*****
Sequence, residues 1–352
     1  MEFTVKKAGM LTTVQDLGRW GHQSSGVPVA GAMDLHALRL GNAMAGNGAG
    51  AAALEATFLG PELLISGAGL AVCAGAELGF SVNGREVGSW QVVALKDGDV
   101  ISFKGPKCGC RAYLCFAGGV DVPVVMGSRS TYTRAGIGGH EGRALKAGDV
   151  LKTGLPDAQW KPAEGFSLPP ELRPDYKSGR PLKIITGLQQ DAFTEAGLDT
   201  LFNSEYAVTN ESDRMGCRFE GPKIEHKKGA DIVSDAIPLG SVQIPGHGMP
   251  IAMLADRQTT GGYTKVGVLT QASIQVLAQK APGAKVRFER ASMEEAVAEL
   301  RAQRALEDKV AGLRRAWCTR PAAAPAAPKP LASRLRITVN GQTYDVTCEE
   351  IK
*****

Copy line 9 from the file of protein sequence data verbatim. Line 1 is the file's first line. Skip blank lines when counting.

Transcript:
   351  IK